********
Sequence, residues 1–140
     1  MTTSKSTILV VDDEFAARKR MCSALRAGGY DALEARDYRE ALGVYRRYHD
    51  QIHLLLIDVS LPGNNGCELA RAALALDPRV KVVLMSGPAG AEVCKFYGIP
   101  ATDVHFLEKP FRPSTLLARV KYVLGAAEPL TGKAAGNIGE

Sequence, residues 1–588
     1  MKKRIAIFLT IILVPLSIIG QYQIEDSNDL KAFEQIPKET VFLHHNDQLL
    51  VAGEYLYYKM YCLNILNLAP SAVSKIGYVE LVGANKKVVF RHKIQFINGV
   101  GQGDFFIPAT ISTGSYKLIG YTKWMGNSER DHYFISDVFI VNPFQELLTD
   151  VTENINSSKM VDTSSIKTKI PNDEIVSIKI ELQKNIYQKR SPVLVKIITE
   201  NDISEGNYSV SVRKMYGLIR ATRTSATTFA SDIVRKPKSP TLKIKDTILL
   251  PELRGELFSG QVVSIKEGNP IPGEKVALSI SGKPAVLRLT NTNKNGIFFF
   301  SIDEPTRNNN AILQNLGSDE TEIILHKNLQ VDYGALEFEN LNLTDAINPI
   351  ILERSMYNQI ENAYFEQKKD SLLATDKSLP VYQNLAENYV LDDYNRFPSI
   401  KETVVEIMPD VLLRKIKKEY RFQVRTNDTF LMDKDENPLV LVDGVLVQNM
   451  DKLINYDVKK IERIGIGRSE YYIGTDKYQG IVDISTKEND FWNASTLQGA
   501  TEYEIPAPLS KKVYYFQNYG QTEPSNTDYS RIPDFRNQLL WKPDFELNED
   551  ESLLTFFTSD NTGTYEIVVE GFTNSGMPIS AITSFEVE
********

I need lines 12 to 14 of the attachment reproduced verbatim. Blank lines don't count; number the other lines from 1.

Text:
   301  SIDEPTRNNN AILQNLGSDE TEIILHKNLQ VDYGALEFEN LNLTDAINPI
   351  ILERSMYNQI ENAYFEQKKD SLLATDKSLP VYQNLAENYV LDDYNRFPSI
   401  KETVVEIMPD VLLRKIKKEY RFQVRTNDTF LMDKDENPLV LVDGVLVQNM